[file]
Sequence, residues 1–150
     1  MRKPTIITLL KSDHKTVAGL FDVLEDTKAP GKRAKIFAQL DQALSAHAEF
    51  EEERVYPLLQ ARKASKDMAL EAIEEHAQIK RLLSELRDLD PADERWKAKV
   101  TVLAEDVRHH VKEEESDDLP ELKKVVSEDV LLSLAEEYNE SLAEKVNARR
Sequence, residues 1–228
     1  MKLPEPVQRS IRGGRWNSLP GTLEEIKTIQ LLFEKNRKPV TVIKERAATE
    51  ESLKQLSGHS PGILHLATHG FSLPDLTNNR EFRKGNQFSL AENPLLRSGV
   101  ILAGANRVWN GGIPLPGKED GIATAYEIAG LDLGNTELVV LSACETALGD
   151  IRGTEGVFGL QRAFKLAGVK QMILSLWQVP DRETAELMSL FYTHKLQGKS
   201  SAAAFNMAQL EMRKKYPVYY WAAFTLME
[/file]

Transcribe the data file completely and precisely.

Sequence, residues 1–150
     1  MRKPTIITLL KSDHKTVAGL FDVLEDTKAP GKRAKIFAQL DQALSAHAEF
    51  EEERVYPLLQ ARKASKDMAL EAIEEHAQIK RLLSELRDLD PADERWKAKV
   101  TVLAEDVRHH VKEEESDDLP ELKKVVSEDV LLSLAEEYNE SLAEKVNARR
Sequence, residues 1–228
     1  MKLPEPVQRS IRGGRWNSLP GTLEEIKTIQ LLFEKNRKPV TVIKERAATE
    51  ESLKQLSGHS PGILHLATHG FSLPDLTNNR EFRKGNQFSL AENPLLRSGV
   101  ILAGANRVWN GGIPLPGKED GIATAYEIAG LDLGNTELVV LSACETALGD
   151  IRGTEGVFGL QRAFKLAGVK QMILSLWQVP DRETAELMSL FYTHKLQGKS
   201  SAAAFNMAQL EMRKKYPVYY WAAFTLME